‘Leadership’ and ‘compassion’ aren’t words we commonly link together. Most leaders are conditioned to put business before benevolence – to lead with their heads, not their hearts. The popular perception of a powerful leader is someone who’s tough, strong, decisive, hard-nosed, ultra-rational and results-driven. The reality is powerful leaders, amongst their other traits, have the conviction, confidence and courage to cultivate connectivity and compassion (Bill Cropper, 2009).”
By faith, we believe the sun will come up tomorrow. But how is our faith in the people with whom we will meet and interact?
How is our faith in our own abilities? Will we do everything perfectly or will we mess up tomorrow? What about others whom we rely on and trust in?
Then there is the question of our faith in God…
Faith carries us forward when human certainty crumbles.
Human certainty is fleeting.
Every time we’re certain about something, a warning bell starts to clang. We begin to question... Are we truly sure? Maybe. Or not. Or yes.
“Lord, who may dwell in your sacred tent? Who may live on your holy mountain? The one whose walk is blameless, who does what is righteous… who keeps an oath even when it hurts and does not change their mind.” Psalm 15:1-4
If someone asked for your definition of success, what would you say? Would you be able to list the values and foundation you are leading from? And most importantly, do those values you espouse actually pass real-life tests of your integrity?
In 2005 tennis champion Andy Roddick was playing a match against Fernando Verdasco.
There was a time when I thought the words love and work would never be used in the same sentence. I believed business was built on intense competition, boot-strapping operating methods and a commitment to winning. I finished college and transitioned into the business world in the early 1990s. During that time, several of the largest corporate layoffs in the history of business occurred. Terms like downsizing, rightsizing, and other fancy phrases for letting people go created a work environment that lacked trust.
It’s easy to be happy and laid back when things are going right. It’s easy to be a leader when there aren’t any conflicts or disruptions. Unfortunately, life isn’t perfect. So, what do you when the going gets tough? Billy Ocean, a singer popular in the 1980’s, sang a song that said, “When the going gets tough, the tough get going.” Sometimes that is easier said than done.
“I can’t believe he did it anyway” I thought, “he asked my opinion, I told him – NO. I didn’t think we should get involved in a new ministry. And he did it anyway.” It happened again. That’s right, someone I love hurt me deeply by asking my advice and then doing the opposite of what I thought was best. I was livid. My passive-aggressive self-preserving anger turned into an erupting volcano of bitterness because I was unwilling to forgive. I was wronged; felt double-crossed and believed my loved one did not deserve to be forgiven.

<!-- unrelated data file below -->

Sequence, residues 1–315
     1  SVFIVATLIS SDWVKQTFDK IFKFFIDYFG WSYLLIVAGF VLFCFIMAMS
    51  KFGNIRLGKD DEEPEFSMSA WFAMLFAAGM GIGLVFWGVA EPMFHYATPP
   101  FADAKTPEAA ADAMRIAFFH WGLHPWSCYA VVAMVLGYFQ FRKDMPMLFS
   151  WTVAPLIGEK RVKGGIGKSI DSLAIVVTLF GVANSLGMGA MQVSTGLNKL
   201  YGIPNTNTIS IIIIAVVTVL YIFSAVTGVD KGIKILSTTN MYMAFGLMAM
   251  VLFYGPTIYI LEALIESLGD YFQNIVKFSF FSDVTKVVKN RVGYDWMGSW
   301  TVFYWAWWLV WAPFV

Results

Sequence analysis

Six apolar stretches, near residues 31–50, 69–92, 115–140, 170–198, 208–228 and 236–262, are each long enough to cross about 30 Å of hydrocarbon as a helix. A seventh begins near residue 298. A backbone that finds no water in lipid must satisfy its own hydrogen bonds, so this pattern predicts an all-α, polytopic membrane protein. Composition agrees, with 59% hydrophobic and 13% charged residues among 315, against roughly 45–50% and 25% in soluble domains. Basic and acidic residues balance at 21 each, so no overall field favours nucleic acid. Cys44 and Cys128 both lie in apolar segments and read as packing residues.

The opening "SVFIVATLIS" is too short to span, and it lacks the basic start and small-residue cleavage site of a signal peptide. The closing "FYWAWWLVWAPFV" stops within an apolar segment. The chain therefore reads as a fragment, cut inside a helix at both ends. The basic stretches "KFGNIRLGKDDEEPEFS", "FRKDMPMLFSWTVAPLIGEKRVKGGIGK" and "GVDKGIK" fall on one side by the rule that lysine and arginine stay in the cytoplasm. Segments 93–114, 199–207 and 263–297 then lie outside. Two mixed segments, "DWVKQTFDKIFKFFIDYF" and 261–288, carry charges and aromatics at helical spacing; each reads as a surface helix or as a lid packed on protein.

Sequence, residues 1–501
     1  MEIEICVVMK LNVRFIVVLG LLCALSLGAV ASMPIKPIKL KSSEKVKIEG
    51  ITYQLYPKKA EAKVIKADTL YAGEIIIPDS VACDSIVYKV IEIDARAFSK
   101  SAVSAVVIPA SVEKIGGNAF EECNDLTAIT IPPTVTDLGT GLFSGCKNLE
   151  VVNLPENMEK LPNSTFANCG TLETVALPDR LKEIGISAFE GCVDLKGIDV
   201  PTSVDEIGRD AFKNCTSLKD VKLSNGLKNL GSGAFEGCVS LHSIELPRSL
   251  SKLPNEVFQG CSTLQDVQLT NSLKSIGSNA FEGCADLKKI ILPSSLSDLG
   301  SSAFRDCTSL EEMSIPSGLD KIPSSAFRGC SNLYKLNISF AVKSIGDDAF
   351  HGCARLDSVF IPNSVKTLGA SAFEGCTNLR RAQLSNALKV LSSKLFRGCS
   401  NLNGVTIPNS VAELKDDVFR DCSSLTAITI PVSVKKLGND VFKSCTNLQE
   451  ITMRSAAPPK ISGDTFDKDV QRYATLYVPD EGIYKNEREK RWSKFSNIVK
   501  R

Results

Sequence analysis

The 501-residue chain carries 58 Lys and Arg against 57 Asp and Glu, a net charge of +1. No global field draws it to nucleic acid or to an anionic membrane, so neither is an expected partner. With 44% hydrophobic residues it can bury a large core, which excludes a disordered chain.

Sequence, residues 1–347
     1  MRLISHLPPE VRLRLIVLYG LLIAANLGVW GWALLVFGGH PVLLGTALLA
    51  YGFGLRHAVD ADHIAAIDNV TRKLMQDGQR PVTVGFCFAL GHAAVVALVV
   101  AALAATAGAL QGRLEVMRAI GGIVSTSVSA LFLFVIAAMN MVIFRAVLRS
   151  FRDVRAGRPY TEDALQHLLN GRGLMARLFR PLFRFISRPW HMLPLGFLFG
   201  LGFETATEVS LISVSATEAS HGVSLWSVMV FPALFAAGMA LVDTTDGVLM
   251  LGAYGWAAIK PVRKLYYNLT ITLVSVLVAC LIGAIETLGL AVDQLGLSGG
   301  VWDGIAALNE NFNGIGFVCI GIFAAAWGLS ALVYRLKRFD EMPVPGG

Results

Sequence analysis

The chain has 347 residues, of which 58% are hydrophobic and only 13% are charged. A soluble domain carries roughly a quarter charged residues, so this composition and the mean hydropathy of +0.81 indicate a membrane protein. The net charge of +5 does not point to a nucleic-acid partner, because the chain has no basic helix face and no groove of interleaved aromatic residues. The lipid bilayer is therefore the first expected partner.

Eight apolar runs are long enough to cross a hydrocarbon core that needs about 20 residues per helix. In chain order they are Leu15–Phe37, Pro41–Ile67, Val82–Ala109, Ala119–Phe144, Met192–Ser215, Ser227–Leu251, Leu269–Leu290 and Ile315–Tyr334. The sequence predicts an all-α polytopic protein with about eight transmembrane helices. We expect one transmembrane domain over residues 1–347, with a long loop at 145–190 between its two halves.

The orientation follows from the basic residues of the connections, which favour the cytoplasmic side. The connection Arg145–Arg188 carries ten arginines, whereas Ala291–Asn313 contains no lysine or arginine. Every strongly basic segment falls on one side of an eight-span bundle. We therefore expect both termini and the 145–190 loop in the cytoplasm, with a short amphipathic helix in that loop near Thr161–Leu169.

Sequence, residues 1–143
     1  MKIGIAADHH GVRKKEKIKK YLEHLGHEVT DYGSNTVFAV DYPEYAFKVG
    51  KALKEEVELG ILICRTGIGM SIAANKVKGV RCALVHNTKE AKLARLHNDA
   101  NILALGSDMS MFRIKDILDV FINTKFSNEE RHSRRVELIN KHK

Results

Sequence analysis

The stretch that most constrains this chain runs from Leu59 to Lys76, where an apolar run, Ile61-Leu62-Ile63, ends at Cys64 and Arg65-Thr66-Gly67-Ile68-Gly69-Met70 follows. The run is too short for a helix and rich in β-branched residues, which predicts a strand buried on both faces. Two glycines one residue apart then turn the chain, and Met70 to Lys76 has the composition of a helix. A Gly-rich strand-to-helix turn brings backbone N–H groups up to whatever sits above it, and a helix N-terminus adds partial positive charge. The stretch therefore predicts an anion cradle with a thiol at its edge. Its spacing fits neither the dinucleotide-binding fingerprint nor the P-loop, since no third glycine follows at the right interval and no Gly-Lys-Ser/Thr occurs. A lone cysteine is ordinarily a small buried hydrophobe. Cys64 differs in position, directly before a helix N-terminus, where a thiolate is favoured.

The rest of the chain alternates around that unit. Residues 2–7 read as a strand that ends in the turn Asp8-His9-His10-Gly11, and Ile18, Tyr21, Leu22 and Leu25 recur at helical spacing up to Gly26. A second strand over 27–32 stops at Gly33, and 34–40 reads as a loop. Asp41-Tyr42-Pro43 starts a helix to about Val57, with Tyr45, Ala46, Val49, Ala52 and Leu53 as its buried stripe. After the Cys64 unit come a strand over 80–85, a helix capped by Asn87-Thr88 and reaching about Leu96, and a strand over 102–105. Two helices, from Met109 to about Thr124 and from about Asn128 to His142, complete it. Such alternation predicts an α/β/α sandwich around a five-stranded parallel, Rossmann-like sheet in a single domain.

Has anyone ever asked you, “How’s your prayer life?” or “How do you pray and when?” In my early life those seemed to be more popular questions than today.
I first realized, as a young follower of Jesus, that my prayer life was lacking. I came across a verse in Matthew (6:7) that said in the King James Version,
“But when ye pray, use not vain repetitions, as the heathen do: for they think that they shall be heard for their much speaking.”
Last week we were traveling in places where our cell phones didn’t work. These small devices we rely on for communication and connection, for information, education and even amusement, were useless.
We would reach for our cell phones constantly, almost compulsively, and each time we were startled to discover how disconnected we felt when they didn’t work. It was disconcerting. (And not in a good way, either!) To add to this experience, the telephone land line was dead and there was no Wi-Fi.
In July, the citizens of the United States celebrate our freedom and independence; concepts which are taken for granted often. We celebrate a nation founded on the principles of freedom and independence. In the Declaration of Independence, we not only proclaim our nation free from the rule of the British Empire; we acknowledge these as profound gifts from God:
“Mom, what do we DO with all of this?”
My young children whispered their overwhelmed anxiety as they took in the array of china, silver, and crystal in front of each of them. Our family had been invited to a fancy wedding reception, children included. I knew they would behave well and appropriately since we had carefully guided their table manners over the years. However, these elaborate place settings intimidated us all.